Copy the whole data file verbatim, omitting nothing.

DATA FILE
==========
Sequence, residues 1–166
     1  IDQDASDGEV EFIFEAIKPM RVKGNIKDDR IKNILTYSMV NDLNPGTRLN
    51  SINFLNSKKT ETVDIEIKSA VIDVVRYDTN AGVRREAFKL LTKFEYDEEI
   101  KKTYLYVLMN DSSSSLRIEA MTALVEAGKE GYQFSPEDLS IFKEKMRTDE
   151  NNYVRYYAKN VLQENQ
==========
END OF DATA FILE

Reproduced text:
Sequence, residues 1–166
     1  IDQDASDGEV EFIFEAIKPM RVKGNIKDDR IKNILTYSMV NDLNPGTRLN
    51  SINFLNSKKT ETVDIEIKSA VIDVVRYDTN AGVRREAFKL LTKFEYDEEI
   101  KKTYLYVLMN DSSSSLRIEA MTALVEAGKE GYQFSPEDLS IFKEKMRTDE
   151  NNYVRYYAKN VLQENQ